·        Easy to please Shiv and Brahma keep on granting wishes all the time (more to Ravana and his son actually!) and if Ravana didn't have to play any role in this particular part of the story why was he even mentioned. It would have been better to either omit him entirely in this part, or to extend the story of this part to the point where he makes some dramatic entry so that we as readers are filled with anticipation for what’s to come.

·        I didn't particularly like the portrayal of Sita in the second half of the book. The Sita I have in mind, the one who has been etched perhaps in all of our minds is this steadfast, sincere, and regal woman radiating a goddess like aura. That divine lady does not gel with this “I am too happy frolicking in the hills” silly princess. She feels absolutely unreal to me.

·        Lakshman is making Rama and Sita’s bed, he’s preparing their seats (decorating with the seasonal flowers no less!), constructing their house wherever the trio goes, fetching them fruits, he is collecting logs and paraphernalia for conducting prayers, and he is in fact NOT SLEEPING! (Lakshman tells the goddess of sleep Nidradevi to go and give his fair share of sleep to his wife Urmila, just so he could watch over and protect his beloved brother and sister in law while they slept.) And I don’t get this slavish behaviour because all Rama and Sita seem to be doing during this exile time are watching sunrise and sunset, visiting munis, resting under the trees, or laughing at mating geese! (The exile seems more like a picnic here to me.)

Here’s what Kaushalya has to say about Sita, “At least Rama is a rugged warrior and Vishwamitra has trained him well about the vagaries of forest life, but Sita is a delicate flower. She has not experienced hardship. I made sure that She never set foot on hard ground. She always sat on a bed, a soft seat, an ornate swing or my lap…”

·        I don’t understand, (this is perhaps due to my lack of knowledge) if Rama knew about the promise Dasratha had made to Keikeyi’s father about making their yet unborn child the next king of Ayodhya, then why didn't he just give up the throne. Why did he accept Dasratha’s decision and cause all this emotional turmoil for practically everybody in the kingdom? Was this to fulfill a bigger role he was meant for? To be instrumental in doing something that had already been written, and in which he had no say? Also, it shows Dasratha as an oath-breaker, and Keikeyi the warrior woman wrongly accused of being the villainess.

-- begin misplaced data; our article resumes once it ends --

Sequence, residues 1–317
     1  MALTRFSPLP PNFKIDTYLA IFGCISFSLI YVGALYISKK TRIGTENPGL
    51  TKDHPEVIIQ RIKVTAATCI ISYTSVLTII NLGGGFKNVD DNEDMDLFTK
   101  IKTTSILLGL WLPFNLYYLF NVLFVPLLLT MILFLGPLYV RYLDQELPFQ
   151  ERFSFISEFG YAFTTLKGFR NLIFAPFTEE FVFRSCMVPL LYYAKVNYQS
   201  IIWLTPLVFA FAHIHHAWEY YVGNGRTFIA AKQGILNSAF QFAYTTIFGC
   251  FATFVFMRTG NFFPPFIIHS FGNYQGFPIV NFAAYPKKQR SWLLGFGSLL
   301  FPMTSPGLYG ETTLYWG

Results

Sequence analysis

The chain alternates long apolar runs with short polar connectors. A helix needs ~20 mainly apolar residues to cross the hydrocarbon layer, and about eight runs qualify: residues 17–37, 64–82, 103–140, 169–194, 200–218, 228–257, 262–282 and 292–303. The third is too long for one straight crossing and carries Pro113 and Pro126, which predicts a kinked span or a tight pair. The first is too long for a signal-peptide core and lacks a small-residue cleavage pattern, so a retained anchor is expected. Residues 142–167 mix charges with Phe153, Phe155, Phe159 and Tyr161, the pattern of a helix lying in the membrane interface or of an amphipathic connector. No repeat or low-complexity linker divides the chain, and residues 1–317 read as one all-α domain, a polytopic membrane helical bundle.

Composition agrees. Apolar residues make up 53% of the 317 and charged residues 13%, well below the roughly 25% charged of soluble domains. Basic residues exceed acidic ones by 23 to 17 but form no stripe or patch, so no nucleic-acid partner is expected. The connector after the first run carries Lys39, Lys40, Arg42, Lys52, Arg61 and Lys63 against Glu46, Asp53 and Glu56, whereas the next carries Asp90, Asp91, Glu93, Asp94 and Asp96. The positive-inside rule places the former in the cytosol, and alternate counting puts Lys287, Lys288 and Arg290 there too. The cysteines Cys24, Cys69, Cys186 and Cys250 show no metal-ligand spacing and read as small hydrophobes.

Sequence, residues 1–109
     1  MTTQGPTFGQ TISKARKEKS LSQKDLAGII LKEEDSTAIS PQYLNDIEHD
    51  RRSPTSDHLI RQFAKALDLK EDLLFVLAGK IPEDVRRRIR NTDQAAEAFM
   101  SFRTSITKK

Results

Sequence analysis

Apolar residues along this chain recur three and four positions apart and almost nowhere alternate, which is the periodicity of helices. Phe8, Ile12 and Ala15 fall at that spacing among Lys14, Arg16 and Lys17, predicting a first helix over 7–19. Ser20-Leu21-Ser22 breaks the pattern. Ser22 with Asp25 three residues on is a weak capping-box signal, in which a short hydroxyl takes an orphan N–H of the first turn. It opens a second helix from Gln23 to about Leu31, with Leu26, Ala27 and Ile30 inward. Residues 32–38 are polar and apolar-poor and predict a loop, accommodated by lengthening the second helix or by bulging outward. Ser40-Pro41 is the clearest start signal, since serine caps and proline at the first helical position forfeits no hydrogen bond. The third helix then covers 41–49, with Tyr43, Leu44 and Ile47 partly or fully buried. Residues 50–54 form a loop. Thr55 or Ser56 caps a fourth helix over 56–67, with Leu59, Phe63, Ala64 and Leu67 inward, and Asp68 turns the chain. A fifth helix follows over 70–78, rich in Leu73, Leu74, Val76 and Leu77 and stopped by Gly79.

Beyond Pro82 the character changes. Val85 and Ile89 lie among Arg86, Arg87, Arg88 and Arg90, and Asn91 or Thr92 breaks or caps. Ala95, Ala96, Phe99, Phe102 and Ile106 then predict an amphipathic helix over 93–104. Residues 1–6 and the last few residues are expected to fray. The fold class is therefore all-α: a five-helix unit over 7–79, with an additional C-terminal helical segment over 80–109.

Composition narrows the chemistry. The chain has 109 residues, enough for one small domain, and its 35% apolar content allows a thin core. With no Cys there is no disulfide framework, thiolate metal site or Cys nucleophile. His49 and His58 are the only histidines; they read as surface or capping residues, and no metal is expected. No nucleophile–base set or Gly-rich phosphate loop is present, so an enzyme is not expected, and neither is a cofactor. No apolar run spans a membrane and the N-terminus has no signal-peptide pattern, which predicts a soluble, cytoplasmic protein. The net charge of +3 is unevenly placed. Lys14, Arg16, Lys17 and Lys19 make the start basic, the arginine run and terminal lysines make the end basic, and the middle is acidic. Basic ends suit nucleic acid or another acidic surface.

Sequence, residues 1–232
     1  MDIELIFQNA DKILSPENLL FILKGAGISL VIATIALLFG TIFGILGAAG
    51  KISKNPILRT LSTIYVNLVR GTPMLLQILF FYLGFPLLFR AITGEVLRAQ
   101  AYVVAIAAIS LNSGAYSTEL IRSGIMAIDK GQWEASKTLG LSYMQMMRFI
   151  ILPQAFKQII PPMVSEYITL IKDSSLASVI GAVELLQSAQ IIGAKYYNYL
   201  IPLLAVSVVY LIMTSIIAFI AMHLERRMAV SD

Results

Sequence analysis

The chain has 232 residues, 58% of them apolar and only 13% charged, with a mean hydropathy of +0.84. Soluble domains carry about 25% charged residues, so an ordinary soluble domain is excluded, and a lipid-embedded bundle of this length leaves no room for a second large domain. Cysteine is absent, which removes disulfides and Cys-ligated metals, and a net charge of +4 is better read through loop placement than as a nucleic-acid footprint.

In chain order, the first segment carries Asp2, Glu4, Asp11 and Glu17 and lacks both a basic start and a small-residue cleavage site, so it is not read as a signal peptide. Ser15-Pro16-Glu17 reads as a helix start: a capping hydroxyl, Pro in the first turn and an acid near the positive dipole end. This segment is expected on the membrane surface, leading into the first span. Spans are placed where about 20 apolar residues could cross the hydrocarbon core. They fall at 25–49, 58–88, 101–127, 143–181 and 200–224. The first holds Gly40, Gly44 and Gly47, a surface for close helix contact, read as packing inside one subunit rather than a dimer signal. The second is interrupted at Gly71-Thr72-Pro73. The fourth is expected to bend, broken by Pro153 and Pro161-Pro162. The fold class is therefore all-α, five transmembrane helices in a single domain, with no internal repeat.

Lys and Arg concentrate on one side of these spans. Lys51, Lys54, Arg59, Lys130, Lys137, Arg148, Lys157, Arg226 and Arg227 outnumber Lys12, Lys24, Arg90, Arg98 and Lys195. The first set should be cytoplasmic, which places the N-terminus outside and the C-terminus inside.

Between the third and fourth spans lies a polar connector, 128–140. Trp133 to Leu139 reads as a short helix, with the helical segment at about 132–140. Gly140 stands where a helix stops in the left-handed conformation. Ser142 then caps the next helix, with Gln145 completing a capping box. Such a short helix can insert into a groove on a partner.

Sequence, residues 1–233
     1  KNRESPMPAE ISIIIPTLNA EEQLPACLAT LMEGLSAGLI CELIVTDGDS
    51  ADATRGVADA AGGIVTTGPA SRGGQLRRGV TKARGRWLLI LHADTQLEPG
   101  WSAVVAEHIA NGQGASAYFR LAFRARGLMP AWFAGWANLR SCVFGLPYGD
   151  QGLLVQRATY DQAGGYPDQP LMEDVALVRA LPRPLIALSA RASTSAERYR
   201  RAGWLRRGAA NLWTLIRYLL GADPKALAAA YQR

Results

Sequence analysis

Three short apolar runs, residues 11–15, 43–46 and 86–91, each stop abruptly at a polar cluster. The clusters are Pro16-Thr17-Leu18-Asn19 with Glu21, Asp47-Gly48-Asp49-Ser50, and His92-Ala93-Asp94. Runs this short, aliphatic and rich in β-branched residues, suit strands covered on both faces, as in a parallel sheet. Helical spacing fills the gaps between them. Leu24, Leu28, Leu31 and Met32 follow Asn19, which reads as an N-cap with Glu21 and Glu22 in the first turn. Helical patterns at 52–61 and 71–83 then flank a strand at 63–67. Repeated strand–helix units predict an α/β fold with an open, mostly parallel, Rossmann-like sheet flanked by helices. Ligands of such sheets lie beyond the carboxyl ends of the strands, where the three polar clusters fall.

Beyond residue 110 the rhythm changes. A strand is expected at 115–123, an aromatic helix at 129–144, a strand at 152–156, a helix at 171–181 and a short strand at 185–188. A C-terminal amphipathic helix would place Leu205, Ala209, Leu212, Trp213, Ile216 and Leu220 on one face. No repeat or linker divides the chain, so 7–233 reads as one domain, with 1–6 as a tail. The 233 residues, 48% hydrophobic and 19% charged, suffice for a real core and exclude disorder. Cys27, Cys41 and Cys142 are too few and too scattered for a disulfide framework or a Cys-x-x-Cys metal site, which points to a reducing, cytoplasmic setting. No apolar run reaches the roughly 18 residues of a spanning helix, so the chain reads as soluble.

I give it 4/10.

Wednesday, April 20, 2016

The Satanic Verses

Book: The Satanic Verses
Author: Sir Salman Rushdie
First Published: 1988 by Viking Press
No.of Pages: 561
Genres: Magical Realism, Fiction
Literary Awards: Booker Prize Nominee (1988), Whitbread Award Winner (1988)

 It was 14th February, 1989 when the Tehran Radio blasted:

"The author of the 'Satanic Verses' book, which is against Islam, the Prophet and the Koran, and all those involved in its publication who were aware of its content are sentenced to death," said Ayatollah Khomeini, whose word was considered as law by those millions of Shiite Muslims. "If someone knows them but is unable to kill them, he should hand them over to the people for punishment." 

Salman Rushdie with the novel The Satanic Verses
Salman Rushdie holding a copy of The Satanic Verses

It was the whole "Rushdie Fatwa Affair" which triggered my curiosity to read this novel which contrary to what you might expect (considering the ban, bombings, and the death threats) was the proud recipient of the 1988 Whitbread Award and the finalist for the Booker of the very same year. The Fatwa was issued on February 14, 1989 by the Grand Ayatollah 'Ruhollah Khomeini' (the supreme religious and political leader of Iran during that time) because of the publication of this book which contained certain derogatory and sacrilegious passages about the life of Prophet Muhammad. The book was classified as a blasphemy to Islam and Khomeini issued the fatwa declaring that it was the "moral duty of every God fearing and self-respecting Muslim to kill Rushdie."